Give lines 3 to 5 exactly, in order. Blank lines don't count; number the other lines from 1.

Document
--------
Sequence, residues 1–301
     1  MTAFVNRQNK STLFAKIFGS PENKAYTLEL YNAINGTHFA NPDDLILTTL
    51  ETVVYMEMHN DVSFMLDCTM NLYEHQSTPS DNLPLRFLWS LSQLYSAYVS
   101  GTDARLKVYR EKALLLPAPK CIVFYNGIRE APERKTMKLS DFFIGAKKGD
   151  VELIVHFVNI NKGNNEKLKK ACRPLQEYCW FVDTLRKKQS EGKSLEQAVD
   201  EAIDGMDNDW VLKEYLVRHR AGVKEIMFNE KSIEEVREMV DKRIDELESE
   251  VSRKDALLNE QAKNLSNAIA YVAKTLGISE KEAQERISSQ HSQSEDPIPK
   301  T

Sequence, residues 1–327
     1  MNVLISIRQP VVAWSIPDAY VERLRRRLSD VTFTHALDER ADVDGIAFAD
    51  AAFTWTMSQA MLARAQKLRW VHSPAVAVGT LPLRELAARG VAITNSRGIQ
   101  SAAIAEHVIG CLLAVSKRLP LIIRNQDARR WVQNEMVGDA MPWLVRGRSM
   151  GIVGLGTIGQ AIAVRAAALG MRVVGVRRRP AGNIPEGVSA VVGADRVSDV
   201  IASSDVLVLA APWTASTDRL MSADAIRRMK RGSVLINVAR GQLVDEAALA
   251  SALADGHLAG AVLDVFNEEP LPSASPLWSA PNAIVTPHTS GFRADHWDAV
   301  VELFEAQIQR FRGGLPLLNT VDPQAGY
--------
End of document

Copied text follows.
    51  ETVVYMEMHN DVSFMLDCTM NLYEHQSTPS DNLPLRFLWS LSQLYSAYVS
   101  GTDARLKVYR EKALLLPAPK CIVFYNGIRE APERKTMKLS DFFIGAKKGD
   151  VELIVHFVNI NKGNNEKLKK ACRPLQEYCW FVDTLRKKQS EGKSLEQAVD